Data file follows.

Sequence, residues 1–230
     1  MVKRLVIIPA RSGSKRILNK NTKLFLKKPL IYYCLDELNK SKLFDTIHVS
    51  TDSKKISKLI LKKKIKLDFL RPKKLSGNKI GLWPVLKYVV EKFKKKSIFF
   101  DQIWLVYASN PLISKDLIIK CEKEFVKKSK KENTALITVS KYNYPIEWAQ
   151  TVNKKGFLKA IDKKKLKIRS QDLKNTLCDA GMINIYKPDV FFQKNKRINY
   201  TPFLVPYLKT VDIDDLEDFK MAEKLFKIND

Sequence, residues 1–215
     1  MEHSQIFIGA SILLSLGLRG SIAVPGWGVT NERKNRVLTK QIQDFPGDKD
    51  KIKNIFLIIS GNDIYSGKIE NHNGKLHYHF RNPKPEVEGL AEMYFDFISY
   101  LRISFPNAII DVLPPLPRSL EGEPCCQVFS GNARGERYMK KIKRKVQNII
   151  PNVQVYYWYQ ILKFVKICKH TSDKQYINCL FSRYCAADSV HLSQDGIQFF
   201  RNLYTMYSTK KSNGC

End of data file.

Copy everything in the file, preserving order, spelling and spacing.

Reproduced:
Sequence, residues 1–230
     1  MVKRLVIIPA RSGSKRILNK NTKLFLKKPL IYYCLDELNK SKLFDTIHVS
    51  TDSKKISKLI LKKKIKLDFL RPKKLSGNKI GLWPVLKYVV EKFKKKSIFF
   101  DQIWLVYASN PLISKDLIIK CEKEFVKKSK KENTALITVS KYNYPIEWAQ
   151  TVNKKGFLKA IDKKKLKIRS QDLKNTLCDA GMINIYKPDV FFQKNKRINY
   201  TPFLVPYLKT VDIDDLEDFK MAEKLFKIND

Sequence, residues 1–215
     1  MEHSQIFIGA SILLSLGLRG SIAVPGWGVT NERKNRVLTK QIQDFPGDKD
    51  KIKNIFLIIS GNDIYSGKIE NHNGKLHYHF RNPKPEVEGL AEMYFDFISY
   101  LRISFPNAII DVLPPLPRSL EGEPCCQVFS GNARGERYMK KIKRKVQNII
   151  PNVQVYYWYQ ILKFVKICKH TSDKQYINCL FSRYCAADSV HLSQDGIQFF
   201  RNLYTMYSTK KSNGC